Paranoid Personality Disorder

What is paranoid personality disorder?

Paranoid personality disorder (PPD) is a long-term, mental health condition. PPD causes you to be suspicious, distrusting, and hostile toward others. This is because you think they want to hurt you or take advantage of you. You may have trouble trusting or getting along with others. These thoughts and behaviors can cause problems with your relationships and daily activities.

What causes PPD?

The cause may not be known. Your risk for PPD is increased if you have a family history of the disorder. You are also at risk if you were abused or neglected as a child.

What are the symptoms of PPD?

  • You think other people will harm, trick, or take advantage of you

  • You think that your friends might not be loyal. You may think about how they have let you down. You may search for proof that they cannot be trusted.

  • You are nervous about talking to other people because you are afraid they will use the information against you.

  • You often hold grudges against people who you believe have done something bad to you. You believe that the actions were done to hurt you, and you cannot forgive the people who did them. You may see people as your enemies, and want to get back at them.

  • You think that others are trying to insult you. You may hear a person say one thing, but you think that they mean something else.

  • You suspect that your partner has been unfaithful.

  • You think that certain people are trying to make you look bad to others. You may react by getting angry or attacking them back. You may also believe that your reputation is being threatened.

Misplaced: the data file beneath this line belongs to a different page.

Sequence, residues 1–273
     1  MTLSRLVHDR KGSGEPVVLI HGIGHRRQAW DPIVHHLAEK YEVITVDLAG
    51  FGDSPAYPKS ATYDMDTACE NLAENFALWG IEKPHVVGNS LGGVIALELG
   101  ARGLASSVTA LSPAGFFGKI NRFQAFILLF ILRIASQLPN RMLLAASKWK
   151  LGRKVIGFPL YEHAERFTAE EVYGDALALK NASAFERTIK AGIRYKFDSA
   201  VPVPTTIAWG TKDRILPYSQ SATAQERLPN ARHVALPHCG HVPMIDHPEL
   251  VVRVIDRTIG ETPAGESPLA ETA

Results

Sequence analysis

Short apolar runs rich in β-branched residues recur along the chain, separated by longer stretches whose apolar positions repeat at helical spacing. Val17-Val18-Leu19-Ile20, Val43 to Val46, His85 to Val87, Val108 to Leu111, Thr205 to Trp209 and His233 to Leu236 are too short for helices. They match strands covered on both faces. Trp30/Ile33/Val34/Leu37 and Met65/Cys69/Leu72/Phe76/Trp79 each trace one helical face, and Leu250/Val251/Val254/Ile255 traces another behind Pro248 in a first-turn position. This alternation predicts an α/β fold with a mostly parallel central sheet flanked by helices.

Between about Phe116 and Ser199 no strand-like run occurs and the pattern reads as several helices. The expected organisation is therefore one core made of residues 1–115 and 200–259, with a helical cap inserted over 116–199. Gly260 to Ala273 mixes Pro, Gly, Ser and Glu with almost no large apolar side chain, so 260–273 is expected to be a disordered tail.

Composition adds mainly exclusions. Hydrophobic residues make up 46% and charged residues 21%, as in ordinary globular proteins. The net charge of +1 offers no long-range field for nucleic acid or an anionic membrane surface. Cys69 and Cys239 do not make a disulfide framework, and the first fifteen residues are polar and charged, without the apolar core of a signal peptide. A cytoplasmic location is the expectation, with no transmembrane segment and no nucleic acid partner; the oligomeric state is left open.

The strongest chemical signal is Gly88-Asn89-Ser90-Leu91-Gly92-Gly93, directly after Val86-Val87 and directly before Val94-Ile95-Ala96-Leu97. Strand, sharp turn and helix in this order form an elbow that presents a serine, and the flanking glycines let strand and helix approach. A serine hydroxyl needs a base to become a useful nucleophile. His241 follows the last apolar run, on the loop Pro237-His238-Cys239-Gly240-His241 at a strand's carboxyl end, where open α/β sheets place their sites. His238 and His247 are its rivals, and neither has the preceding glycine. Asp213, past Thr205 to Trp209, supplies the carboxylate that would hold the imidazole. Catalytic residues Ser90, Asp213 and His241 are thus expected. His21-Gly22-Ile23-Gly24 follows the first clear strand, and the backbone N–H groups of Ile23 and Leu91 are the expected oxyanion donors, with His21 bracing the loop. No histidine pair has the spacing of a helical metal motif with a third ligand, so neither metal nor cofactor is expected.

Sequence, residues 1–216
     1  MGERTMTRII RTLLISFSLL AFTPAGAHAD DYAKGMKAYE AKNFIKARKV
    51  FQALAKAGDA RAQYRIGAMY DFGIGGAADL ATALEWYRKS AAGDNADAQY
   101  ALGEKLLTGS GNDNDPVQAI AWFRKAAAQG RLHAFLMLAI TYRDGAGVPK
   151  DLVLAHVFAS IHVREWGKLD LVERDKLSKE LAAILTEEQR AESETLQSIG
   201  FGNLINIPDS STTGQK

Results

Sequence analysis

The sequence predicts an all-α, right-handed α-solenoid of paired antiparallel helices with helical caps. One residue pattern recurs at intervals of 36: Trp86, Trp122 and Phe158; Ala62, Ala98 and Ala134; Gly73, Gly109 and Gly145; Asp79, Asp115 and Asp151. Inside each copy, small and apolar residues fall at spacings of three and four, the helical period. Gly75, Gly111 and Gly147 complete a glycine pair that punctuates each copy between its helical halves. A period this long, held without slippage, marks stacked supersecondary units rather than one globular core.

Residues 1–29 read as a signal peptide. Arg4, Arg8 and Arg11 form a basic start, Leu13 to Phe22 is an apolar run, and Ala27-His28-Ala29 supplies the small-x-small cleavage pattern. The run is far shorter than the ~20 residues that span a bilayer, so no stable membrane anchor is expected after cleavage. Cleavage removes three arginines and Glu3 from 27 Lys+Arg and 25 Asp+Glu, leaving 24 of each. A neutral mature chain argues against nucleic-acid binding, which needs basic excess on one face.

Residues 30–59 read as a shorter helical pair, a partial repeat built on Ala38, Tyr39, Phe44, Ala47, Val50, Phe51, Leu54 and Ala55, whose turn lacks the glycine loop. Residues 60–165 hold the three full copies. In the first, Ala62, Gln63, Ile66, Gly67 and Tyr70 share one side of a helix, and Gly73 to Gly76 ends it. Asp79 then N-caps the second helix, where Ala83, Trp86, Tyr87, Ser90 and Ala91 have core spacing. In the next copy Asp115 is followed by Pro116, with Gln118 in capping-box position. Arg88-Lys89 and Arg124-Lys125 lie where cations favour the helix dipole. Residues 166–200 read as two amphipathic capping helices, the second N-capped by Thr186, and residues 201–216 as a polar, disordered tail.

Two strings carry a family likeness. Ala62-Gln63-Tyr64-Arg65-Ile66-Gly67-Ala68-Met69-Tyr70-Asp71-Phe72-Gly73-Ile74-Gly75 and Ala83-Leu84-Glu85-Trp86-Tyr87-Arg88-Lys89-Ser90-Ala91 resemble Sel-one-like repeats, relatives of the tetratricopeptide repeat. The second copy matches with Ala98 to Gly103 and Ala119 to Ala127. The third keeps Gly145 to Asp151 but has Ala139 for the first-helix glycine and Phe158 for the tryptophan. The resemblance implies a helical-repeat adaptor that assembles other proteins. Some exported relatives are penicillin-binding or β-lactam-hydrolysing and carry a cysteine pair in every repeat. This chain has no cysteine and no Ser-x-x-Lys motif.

What other behaviors might I have with PPD?

  • Depression

  • Obsessive-compulsive disorder

  • Agoraphobia

  • Alcohol or substance abuse

How is PPD diagnosed?

Your healthcare provider will ask about your history and if you want to hurt yourself or others. He will ask about your behaviors, feelings, and relationships with others.

How is PPD treated?

Medicines can help decrease anxiety or depression and make you feel more stable.

How can I manage my symptoms?

Go to individual or group therapy. You may need any of the following types of therapy:

  • Supportive psychotherapy helps you understand your behaviors and actions. This can help you cope with your disorder so you can have positive relationships.

  • Family therapy helps you and your family communicate and teaches your family how they can best support you.

When should I contact my healthcare provider?

  • You are depressed.

  • You feel anxious or worried.

  • You do not want to leave your house.

  • You begin to drink alcohol, or you drink more than usual.

  • You take illegal drugs.

  • You take medicines that are not prescribed to you.

  • You have questions or concerns about your condition or care.

When should I seek immediate care or call 911?

  • You have severe depression.

  • You want to hurt yourself or others.

Care Agreement

You have the right to help plan your care. Learn about your health condition and how it may be treated. Discuss treatment options with your caregivers to decide what care you want to receive. You always have the right to refuse treatment. The above information is an educational aid only. It is not intended as medical advice for individual conditions or treatments. Talk to your doctor, nurse or pharmacist before following any medical regimen to see if it is safe and effective for you.

© 2014 Truven Health Analytics Inc. Information is for End User's use only and may not be sold, redistributed or otherwise used for commercial purposes. All illustrations and images included in CareNotes® are the copyrighted property of A.D.A.M., Inc. or Truven Health Analytics.

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